TL;DR: This article showed that the differences in capital accumulation, productivity, and therefore output per worker are driven by differences in institutions and government policies, which are referred to as social infrastructure and called social infrastructure as endogenous, determined historically by location and other factors captured by language.
Abstract: Output per worker varies enormously across countries. Why? On an accounting basis our analysis shows that differences in physical capital and educational attainment can only partially explain the variation in output per worker—we find a large amount of variation in the level of the Solow residual across countries. At a deeper level, we document that the differences in capital accumulation, productivity, and therefore output per worker are driven by differences in institutions and government policies, which we call social infrastructure. We treat social infrastructure as endogenous, determined historically by location and other factors captured in part by language. In 1988 output per worker in the United States was more than 35 times higher than output per worker in Niger. In just over ten days the average worker in the United States produced as much as an average worker in Niger produced in an entire year. Explaining such vast differences in economic performance is one of the fundamental challenges of economics. Analysis based on an aggregate production function provides some insight into these differences, an approach taken by Mankiw, Romer, and Weil [1992] and Dougherty and Jorgenson [1996], among others. Differences among countries can be attributed to differences in human capital, physical capital, and productivity. Building on their analysis, our results suggest that differences in each element of the production function are important. In particular, however, our results emphasize the key role played by productivity. For example, consider the 35-fold difference in output per worker between the United States and Niger. Different capital intensities in the two countries contributed a factor of 1.5 to the income differences, while different levels of educational attainment contributed a factor of 3.1. The remaining difference—a factor of 7.7—remains as the productivity residual. * A previous version of this paper was circulated under the title ‘‘The Productivity of Nations.’’ This research was supported by the Center for Economic Policy Research at Stanford and by the National Science Foundation under grants SBR-9410039 (Hall) and SBR-9510916 (Jones) and is part of the National Bureau of Economic Research’s program on Economic Fluctuations and Growth. We thank Bobby Sinclair for excellent research assistance and colleagues too numerous to list for an outpouring of helpful commentary. Data used in the paper are available online from http://www.stanford.edu/,chadj.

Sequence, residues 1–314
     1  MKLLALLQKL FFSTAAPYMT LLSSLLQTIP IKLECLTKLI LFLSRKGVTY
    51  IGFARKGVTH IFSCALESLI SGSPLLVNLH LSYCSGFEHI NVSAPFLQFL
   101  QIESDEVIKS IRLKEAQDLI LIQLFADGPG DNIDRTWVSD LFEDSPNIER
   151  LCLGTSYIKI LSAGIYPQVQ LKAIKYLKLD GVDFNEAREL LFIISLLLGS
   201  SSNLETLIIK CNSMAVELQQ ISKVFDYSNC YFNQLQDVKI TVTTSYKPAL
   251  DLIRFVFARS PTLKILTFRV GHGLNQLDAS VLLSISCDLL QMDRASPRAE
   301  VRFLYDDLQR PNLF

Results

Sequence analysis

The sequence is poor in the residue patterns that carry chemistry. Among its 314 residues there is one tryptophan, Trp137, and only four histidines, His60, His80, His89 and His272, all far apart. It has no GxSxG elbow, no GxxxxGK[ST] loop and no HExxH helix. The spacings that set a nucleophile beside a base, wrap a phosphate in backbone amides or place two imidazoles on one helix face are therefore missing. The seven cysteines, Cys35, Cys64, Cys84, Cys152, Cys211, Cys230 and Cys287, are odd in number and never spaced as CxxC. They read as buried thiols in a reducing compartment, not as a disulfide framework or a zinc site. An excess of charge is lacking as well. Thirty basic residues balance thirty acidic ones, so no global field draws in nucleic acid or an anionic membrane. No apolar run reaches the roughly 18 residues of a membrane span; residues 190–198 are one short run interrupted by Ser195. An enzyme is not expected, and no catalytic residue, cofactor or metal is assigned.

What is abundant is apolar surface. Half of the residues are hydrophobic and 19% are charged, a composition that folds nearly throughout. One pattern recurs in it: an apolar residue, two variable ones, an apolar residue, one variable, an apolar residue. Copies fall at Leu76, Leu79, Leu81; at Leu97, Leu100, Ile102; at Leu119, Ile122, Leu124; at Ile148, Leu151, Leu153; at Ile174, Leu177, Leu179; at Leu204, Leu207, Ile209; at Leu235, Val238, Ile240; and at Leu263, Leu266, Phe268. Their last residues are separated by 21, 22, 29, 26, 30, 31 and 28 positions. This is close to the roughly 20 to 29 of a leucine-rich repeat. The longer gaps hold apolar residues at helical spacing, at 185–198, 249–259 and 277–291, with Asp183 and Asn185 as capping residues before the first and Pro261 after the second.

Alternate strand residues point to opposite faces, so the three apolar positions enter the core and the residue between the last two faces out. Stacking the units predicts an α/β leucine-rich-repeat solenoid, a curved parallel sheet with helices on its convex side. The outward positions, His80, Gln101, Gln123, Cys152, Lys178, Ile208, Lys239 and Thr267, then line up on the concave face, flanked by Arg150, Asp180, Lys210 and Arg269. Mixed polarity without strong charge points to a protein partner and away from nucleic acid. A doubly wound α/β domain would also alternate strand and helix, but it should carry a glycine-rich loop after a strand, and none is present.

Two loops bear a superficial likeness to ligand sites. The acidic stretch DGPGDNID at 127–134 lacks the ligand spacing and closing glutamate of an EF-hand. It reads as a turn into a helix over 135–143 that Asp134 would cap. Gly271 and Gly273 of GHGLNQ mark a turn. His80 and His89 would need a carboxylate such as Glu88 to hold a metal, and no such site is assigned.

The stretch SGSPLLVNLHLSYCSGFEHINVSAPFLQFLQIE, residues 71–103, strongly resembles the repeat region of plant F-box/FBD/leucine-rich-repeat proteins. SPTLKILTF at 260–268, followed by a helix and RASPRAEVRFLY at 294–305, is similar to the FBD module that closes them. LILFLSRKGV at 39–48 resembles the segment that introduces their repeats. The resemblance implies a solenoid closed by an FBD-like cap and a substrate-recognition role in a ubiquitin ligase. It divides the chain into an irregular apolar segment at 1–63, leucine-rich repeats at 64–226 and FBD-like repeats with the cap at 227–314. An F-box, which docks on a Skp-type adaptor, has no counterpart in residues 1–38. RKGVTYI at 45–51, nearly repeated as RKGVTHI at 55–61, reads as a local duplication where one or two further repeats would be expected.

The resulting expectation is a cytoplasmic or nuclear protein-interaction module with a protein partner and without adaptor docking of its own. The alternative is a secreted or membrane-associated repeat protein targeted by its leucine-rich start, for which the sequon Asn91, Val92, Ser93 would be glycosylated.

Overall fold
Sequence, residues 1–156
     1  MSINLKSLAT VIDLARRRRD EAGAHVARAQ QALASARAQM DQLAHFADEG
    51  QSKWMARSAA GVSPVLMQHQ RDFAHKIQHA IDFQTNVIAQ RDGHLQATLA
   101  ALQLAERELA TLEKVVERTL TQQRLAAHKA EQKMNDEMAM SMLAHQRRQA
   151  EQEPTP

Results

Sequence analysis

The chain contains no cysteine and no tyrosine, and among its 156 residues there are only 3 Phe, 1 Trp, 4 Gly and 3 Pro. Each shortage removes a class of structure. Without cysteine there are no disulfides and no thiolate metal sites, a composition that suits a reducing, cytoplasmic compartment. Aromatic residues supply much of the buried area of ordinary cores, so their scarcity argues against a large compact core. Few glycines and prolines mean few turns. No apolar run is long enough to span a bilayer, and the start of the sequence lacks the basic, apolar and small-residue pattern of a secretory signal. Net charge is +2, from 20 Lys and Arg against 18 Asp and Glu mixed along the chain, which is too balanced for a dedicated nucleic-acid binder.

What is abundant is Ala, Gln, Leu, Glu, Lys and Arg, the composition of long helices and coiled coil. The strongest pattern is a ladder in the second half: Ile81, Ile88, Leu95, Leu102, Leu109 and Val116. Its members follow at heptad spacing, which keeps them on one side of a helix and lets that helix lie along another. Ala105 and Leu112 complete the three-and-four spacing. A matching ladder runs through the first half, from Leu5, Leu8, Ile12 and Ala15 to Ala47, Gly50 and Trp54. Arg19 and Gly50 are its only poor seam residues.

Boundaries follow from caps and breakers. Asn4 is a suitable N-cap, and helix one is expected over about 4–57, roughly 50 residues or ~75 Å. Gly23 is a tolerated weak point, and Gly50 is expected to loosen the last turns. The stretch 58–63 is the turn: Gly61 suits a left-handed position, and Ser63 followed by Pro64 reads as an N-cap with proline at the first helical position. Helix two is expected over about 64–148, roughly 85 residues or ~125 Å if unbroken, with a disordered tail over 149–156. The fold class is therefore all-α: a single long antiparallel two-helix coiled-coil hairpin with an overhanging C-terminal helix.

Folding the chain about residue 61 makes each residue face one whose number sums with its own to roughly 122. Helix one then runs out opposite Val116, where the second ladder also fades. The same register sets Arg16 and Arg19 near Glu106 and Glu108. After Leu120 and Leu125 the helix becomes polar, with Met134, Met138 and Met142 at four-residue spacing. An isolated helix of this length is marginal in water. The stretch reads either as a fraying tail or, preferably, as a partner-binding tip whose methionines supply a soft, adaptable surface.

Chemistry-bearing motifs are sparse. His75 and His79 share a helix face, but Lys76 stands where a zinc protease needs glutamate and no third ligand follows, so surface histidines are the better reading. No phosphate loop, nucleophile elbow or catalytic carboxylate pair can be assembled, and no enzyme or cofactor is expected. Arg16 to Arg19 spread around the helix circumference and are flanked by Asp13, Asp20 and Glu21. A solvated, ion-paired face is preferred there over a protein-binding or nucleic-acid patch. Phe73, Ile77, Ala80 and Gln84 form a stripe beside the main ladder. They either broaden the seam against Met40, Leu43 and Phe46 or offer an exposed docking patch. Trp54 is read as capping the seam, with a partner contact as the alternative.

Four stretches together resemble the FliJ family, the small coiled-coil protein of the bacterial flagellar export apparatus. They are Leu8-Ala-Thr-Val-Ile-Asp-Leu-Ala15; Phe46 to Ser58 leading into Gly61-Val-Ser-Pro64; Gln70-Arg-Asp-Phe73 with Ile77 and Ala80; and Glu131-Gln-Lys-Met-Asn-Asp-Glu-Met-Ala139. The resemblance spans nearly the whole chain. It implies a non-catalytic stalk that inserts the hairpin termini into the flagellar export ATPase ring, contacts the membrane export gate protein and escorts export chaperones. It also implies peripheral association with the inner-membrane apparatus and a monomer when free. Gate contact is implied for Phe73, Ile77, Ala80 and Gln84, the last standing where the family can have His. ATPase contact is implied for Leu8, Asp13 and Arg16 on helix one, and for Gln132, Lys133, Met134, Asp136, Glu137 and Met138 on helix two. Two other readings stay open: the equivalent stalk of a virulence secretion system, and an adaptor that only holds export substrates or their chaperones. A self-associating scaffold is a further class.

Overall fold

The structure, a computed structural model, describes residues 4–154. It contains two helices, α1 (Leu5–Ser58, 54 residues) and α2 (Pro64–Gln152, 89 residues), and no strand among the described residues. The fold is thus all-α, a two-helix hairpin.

6,454 citations

Journal ArticleDOI
Paul Pierson1
TL;DR: In this paper, the authors conceptualized path dependence as a social process grounded in a dynamic of increasing returns, and demonstrated that increasing returns processes are likely to be prevalent and that good analytical foundations exist for exploring their causes and consequences.
Abstract: It is increasingly common for social scientists to describe political processes as “path dependent.” The concept, however, is often employed without careful elaboration. This article conceptualizes path dependence as a social process grounded in a dynamic of “increasing returns.” Reviewing recent literature in economics and suggesting extensions to the world of politics, the article demonstrates that increasing returns processes are likely to be prevalent, and that good analytical foundations exist for exploring their causes and consequences. The investigation of increasing returns can provide a more rigorous framework for developing some of the key claims of recent scholarship in historical institutionalism: Specific patterns of timing and sequence matter; a wide range of social outcomes may be possible; large consequences may result from relatively small or contingent events; particular courses of action, once introduced, can be almost impossible to reverse; and consequently, political development is punctuated by critical moments or junctures that shape the basic contours of social life.

5,652 citations